Secretary Esper really touched upon the China issue and the administration here this whole weekend has continued to really push European allies to pressure China especially with regard to its technologies, Huawei being a key topic at this forum this weekend, the U.S. trying to pressure Europeans essentially to issue full bans on that, but we've seen in the U.K., they're refusing to do that. Germany is also grappling with that issue right now and so it's definitely been a very, very hot topic.
[06:05:02] And now, as you said, we're waiting to hear from the man himself who's been at the center of the impeachment trial back home and that is President Zelensky of Ukraine. Our own Christiane Amanpour is going to be speaking with him any minute now and of course this was a newcomer to politics in Ukraine.
Last year when he won the election, he was a comedian turned politician and now he's almost a household name in the United States because of the fact that that phone call that you mentioned with President Trump last July became a center. It essentially is what triggered the House to announce its impeachment inquiry into the president. Of course he became the third president in U.S. history to become impeached by the House of Representatives.
And so there you have it and we're going to be hearing from Christiane Amanpour who's going to ask him a few questions after he delivers a speech to the forum and it's going to be very interesting for sure.
WALKER: Yes. We can see these live pictures right now as Christiane Amanpour has sat down right next to Volodymyr Zelensky. We don't have the audio yet, but once we get that, we'll bring this to you. It's going to be very interesting to, of course, hear from Zelensky. As we were saying, it's going to be the first one-on-one interview since Trump's impeachment trial ended and he's going to have to strike a delicate balance on how he says things, what he says because again, we can't forget how much Ukraine depends on the United States when it comes to security assistance.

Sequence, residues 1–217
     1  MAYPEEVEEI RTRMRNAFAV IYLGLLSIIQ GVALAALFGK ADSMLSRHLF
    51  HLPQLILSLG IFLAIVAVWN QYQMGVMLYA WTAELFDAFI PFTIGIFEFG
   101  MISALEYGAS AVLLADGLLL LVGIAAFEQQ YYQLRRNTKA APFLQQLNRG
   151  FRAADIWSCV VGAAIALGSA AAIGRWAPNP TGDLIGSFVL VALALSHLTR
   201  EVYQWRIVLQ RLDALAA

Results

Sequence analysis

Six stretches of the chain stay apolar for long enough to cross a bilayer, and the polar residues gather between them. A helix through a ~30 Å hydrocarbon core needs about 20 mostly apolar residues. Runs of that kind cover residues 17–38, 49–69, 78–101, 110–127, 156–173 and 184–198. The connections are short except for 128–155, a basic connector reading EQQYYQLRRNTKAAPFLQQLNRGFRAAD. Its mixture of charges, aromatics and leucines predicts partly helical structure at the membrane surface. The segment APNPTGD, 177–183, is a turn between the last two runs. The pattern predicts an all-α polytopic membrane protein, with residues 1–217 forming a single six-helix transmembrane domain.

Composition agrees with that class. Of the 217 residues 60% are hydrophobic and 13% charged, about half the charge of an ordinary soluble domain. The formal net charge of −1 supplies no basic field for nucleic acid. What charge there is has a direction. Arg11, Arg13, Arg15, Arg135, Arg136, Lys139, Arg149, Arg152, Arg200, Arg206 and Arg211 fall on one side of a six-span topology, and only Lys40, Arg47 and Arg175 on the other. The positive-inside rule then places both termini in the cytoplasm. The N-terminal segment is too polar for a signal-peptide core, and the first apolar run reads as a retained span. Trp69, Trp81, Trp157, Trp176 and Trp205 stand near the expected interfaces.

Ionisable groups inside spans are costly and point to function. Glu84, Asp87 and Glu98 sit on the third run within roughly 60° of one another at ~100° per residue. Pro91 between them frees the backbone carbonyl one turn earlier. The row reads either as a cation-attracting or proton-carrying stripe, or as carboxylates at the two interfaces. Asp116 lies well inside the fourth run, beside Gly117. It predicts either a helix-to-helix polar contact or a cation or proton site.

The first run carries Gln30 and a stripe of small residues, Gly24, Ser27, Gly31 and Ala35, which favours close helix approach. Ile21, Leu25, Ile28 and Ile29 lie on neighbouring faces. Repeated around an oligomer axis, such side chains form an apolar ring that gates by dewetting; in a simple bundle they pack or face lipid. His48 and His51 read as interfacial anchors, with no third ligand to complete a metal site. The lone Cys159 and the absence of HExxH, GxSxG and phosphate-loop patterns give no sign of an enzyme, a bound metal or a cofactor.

So the Ukraine definitely needs the United States and Zelensky wants to be very cautious over angering or upsetting President Trump in any way. Correct, Vivian?
SALAMA: That's right and one of the issues that you're probably going to hear about in the course of the next few minutes is the issue of corruption. Zelensky came to power essentially promising to tackle corruption and that's something that President Trump and his administration were also pushing for as well.
That was one of the key issues, that, you know, in the investigations we discovered that the president, beyond the political demands that he made on the phonecall of investigating Joe Biden and his son, he was really saying that he didn't want to deal with Ukraine anymore and he was thinking of withdrawing the military aid on the basis of the fact that they weren't tackling corruption.
It is a very real problem in Ukraine and the president has been insisting -- President Trump has been insisting that European allies do more to help Ukraine, that it shouldn't be on the U.S. to have to give all that military aid to Ukraine. The Europeans should step up. He especially targeted Germany in that criticism --
BLACKWELL: All right, Vivian. Vivian, if I can jump in here --
SALAMA: -- so we'll see.
BLACKWELL: -- Christiane has begun the interview, so let's listen.
CHRISTIANE AMANPOUR, CNN HOST: I just want to say, look, your political journey which you spoke about in your speech is about as amazing as President Trump's. It's very, very unusual. He was a businessman, a very successful reality television host, very high ratings. You, yourself have been a comedian and an actor, and you played the President on a show in your homeland. Do you sometimes wish you had stayed in television? No?
VOLODYMYR ZELENSKY, PRESIDENT OF UKRAINE: I think many people will see my answer.